Every day, millions of electronic products are produced and stocked on shelves. The old products are constantly making way for the new and improved ones, but where do all of those outdated products end up? All of that electronic waste has to go somewhere, and if you’re a business, where and how you dispose of your e-waste matters a great deal.
What Is Electronic Waste and Why Does It Matter?
Electronic waste, otherwise known as e-waste or e-scrap, can be any kind of electronic product that is intended for disposal. E-waste can include things like TVs, computers, cellphones, appliances, and even refrigerators. Some items like smoke detectors are technically e-waste, but they may have their own disposal category that is more specific.
Because many of the materials inside of electronic products are toxic and fall into the characteristic hazardous waste category, e-waste usually cannot be discarded with your business’s municipal solid waste. Materials like lead, chromium, cadmium, and brominated flame retardants all regularly make appearances in common electronic products, and they can cause harm to people and the environment when not disposed of correctly.
How Do I Dispose of E-Waste?
Abiding By the Law
Because of its hazardous components, e-waste is subject to the EPA’s RCRA laws. The majority of states are authorized to implement the laws of the RCRA and create further legislation that is at least as stringent as that on the federal level. Thus, states will often have different laws regarding the handling of commercial e-waste. If you are hiring a waste management company to handle the entire disposal process or if you are attempting to do most of it on your own, you must ensure that state laws, in addition to federal ones, are being followed.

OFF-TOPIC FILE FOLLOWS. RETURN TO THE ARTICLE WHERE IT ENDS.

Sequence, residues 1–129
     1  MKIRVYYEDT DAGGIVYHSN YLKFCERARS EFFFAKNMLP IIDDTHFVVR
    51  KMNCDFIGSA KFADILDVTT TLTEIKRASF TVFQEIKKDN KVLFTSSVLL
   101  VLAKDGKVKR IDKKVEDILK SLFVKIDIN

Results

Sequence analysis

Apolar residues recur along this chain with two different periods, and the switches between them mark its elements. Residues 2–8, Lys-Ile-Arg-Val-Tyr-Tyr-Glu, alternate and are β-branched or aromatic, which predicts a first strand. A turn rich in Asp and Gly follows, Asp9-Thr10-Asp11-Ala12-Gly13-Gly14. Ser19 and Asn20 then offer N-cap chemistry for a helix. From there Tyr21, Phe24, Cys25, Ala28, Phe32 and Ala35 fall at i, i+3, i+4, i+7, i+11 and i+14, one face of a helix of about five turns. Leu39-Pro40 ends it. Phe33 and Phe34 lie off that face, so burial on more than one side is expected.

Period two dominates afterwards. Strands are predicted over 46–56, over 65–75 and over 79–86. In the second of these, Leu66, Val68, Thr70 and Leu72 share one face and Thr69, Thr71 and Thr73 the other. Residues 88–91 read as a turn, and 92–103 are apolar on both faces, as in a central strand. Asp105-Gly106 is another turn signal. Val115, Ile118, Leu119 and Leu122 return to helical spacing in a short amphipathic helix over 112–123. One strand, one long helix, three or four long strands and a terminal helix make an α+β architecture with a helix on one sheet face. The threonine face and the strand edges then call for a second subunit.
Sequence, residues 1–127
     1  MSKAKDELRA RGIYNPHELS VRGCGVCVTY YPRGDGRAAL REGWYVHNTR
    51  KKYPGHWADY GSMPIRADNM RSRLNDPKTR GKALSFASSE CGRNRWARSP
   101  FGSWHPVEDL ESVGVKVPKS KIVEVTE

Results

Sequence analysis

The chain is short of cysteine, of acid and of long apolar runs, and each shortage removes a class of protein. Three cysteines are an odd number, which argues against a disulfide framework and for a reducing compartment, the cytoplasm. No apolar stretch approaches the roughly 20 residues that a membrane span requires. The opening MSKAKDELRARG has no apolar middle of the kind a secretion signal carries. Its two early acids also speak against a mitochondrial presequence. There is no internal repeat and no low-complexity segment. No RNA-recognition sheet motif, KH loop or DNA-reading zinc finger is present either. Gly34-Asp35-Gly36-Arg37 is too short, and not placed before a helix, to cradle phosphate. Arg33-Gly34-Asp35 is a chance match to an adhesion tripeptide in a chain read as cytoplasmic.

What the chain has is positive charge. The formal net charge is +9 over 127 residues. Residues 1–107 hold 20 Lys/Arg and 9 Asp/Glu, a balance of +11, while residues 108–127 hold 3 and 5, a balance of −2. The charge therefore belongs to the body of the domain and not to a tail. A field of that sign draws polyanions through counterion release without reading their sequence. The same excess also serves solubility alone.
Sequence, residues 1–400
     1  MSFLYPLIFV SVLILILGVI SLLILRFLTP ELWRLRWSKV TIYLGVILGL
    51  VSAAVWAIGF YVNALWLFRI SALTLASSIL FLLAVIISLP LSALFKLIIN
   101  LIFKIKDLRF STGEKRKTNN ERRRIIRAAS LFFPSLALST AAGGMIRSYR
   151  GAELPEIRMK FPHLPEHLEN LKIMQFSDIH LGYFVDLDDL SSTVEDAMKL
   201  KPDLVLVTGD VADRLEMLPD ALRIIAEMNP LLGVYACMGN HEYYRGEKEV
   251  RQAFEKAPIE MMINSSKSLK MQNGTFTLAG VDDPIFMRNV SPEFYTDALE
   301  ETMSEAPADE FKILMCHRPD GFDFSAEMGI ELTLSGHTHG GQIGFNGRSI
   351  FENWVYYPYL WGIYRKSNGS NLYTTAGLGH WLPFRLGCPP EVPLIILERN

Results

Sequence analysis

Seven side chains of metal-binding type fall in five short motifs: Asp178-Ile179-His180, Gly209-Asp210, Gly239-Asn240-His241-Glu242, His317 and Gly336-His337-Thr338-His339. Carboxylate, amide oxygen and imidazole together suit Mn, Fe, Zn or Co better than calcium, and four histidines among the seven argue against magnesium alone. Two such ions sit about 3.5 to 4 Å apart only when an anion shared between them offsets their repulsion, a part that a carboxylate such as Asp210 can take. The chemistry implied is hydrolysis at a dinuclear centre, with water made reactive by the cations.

Type of Generator
Your company’s generator status can influence the hazardous waste management process. For example, if your company is a Very Small Quantity Generator (VSQG) that generates 100 kg or less of hazardous waste per month or less than one kg of acutely hazardous waste, you are not subject to some of the RCRA’s hazardous waste laws. For more information on your generator status, view the EPA’s categories of hazardous waste generators and consult the Code of Federal Regulations for exact regulations based on generator type.
Whether or not your business is subject to all RCRA regulations, you still need to get rid of the e-waste. This is the general process, but be aware that details will change based on your state’s laws, your generator status, and the type of e-waste you have.
Removal of sensitive information
If your e-waste is the type that can store sensitive information, such as a computer hard drive or even a corporate printer, the first step is to wipe all sensitive data. This may be done by you or by your waste management company. If this is being completed by a waste management company, you should receive some certification of the clearing process.
If your e-waste can be further broken down, this is the next step. Throughout the breakdown process, waste managers should be mindful of the hazardous components and how they may contaminate cleaning solvents as well.
Components that can be recycled should be. According to the National Conference of State Legislatures, there are currently 25 states (plus the District of Columbia) with e-waste recycling programs.
After all pieces that can be recycled have been, e-waste may be disposed.